The BBC interview with the three individuals - former prison guard Brandon Neely and former inmates Ruhal Ahmed and Shafiq Rasul - asks the question: "But what were the pair doing in Afghanistan in 2001?"

Ahmed's response goes unquestioned (emphasis mine throughout):

Mr Ahmed admits they had a secret agenda for entering Afghanistan, but it wasn't to join al-Qaeda.

"Aid work was like probably 5% of it. Our main reason was just to go and sightsee really and smoke some dope".

Indeed, a true to life Harold and Kumar.

But what were the benevolent ones, Ahmed and Rasul, really doing at the time that the BBC would rather whitewash in their reporting?


As has been noted here in the recent past, it isn't just government entities that are a little slow on the uptake when it comes to identifying radical Muslim preachers as accessories to terrorism - it's also the media.  Consider the case of Anwar al-Awlaki, a man who has consistently shown ties to terrorist attacks, yet who had gone predominantly under the media radar as nothing more than a simple cleric.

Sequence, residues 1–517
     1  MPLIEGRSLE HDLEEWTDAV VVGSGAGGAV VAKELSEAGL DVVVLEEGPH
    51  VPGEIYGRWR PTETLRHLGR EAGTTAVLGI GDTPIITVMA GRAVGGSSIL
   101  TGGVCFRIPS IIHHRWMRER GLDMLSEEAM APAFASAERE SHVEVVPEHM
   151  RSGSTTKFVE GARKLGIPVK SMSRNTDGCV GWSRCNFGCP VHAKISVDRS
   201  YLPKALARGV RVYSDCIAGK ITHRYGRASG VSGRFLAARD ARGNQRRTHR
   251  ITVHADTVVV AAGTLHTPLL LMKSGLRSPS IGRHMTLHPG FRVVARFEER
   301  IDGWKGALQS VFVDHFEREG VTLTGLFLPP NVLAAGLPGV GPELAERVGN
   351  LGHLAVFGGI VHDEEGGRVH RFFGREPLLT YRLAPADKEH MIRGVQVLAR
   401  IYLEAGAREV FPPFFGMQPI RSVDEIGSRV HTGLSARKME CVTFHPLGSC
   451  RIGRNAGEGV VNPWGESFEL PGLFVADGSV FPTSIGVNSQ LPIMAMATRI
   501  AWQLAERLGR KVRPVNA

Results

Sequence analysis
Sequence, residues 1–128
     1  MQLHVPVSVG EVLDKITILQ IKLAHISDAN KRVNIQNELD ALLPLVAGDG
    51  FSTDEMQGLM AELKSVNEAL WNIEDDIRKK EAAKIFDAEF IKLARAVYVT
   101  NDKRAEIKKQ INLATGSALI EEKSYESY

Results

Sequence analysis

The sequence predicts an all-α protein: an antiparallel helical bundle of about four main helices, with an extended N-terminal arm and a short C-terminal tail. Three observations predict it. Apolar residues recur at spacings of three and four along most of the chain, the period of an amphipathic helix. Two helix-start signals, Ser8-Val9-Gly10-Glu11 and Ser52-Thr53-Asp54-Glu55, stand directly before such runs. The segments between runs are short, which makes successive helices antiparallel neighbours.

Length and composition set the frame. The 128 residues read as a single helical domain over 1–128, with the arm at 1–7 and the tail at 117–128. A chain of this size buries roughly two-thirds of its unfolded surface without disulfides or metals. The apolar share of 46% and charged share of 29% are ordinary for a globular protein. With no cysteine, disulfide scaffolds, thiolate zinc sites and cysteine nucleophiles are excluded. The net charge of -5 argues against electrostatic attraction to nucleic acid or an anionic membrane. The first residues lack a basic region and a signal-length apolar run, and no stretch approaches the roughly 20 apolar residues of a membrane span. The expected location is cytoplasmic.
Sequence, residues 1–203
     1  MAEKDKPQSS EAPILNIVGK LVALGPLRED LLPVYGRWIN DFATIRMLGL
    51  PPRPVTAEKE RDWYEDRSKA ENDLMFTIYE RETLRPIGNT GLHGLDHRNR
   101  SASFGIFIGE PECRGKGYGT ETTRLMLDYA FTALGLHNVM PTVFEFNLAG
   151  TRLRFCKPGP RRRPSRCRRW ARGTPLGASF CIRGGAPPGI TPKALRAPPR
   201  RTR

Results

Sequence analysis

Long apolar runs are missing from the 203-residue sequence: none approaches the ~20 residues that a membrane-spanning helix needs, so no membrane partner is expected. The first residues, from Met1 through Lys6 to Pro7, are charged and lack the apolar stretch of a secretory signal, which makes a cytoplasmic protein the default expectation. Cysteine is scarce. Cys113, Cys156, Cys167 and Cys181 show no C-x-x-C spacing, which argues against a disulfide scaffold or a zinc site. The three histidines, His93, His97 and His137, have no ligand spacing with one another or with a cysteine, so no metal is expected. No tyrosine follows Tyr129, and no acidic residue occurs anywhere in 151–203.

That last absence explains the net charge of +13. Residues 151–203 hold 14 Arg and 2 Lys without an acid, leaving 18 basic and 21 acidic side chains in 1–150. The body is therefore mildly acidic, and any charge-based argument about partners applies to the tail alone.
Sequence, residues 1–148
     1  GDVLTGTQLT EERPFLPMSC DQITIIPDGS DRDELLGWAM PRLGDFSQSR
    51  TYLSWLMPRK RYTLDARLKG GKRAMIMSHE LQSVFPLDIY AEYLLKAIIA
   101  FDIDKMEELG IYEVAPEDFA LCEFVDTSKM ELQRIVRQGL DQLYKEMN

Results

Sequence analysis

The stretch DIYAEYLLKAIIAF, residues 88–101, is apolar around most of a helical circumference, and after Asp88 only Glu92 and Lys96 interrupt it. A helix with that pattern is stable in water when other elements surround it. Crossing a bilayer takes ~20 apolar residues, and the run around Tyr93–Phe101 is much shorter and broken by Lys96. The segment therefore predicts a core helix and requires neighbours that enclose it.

Also consider the curious case of one Yasir Qadhi, a man recently interviewed by CNN for a sympathetic look at the failed underwear bomber, Umar Farouk AbdulMutallab.  A man who has apparently escaped background investigations by both CNN and the National Counterterrorism Center (NCTC).  (H/t the Jawa Report)

How else to explain CNN's representation of Qadhi as a simple, orthodox teacher of Islam, who had no idea of the extremist views of AbdulMutallab?  And how else to explain the baffling decision by the NCTC to utilize Qadhi in its deradicalization efforts?

What, you might ask, is wrong with presenting this man as a moderate teacher of ‘the nuts and bolts of Islam?'

Well, for starters, he is - by his own admission - a proud member of the U.S. terror watch list, and an instructor at an institution so extreme in their teachings, that an anti-terror consultant once dubbed the school ‘Jihad U.'

Find out more about the man CNN presents as an innocent professor of Islam after the break...


Representative Pete Hoekstra recently indicated that the attempted bombing of Northwest Airlines Flight 253 should be a clue that helps the Obama Administration ‘connect the dots' on terrorism.

While that remains unlikely with an administration more obsessed with right-wing extremists, man-caused disasters, and the impeccable success of our counterterrorism systems, perhaps it's time to start holding the main stream media accountable for their own inability to connect certain dots. 

Such is the case of the media's handling of Anwar al-Awlaki...